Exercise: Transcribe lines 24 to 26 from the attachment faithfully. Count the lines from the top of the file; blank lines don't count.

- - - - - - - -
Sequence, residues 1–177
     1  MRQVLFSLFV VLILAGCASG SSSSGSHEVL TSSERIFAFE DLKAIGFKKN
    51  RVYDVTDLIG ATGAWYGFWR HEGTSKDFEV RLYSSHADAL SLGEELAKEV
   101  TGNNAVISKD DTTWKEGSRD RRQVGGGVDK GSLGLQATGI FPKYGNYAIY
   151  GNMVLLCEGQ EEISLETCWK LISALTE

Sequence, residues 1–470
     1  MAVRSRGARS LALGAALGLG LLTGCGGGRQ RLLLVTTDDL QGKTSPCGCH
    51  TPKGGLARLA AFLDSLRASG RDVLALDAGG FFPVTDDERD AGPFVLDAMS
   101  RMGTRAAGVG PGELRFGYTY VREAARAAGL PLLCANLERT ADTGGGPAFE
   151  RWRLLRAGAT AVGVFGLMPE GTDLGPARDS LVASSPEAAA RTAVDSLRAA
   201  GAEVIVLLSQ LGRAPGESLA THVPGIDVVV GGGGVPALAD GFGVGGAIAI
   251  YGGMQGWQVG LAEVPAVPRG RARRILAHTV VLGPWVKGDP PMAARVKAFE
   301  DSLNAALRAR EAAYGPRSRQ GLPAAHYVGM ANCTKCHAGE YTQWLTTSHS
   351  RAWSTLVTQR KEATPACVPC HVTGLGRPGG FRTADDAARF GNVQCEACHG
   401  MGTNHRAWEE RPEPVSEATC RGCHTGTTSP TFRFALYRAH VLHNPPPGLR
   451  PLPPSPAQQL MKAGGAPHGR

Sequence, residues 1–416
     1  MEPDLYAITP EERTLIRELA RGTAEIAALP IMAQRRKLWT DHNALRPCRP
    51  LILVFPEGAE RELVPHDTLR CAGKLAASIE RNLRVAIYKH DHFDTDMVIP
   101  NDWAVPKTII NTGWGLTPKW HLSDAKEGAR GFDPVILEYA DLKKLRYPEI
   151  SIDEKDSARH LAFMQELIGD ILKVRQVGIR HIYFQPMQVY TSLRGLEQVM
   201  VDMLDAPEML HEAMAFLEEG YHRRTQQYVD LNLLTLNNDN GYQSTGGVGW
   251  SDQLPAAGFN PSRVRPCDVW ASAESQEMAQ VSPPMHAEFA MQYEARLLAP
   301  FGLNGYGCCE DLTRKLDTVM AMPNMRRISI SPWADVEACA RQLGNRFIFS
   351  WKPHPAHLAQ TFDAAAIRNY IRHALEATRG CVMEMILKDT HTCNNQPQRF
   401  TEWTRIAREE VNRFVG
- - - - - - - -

   301  FGLNGYGCCE DLTRKLDTVM AMPNMRRISI SPWADVEACA RQLGNRFIFS
   351  WKPHPAHLAQ TFDAAAIRNY IRHALEATRG CVMEMILKDT HTCNNQPQRF
   401  TEWTRIAREE VNRFVG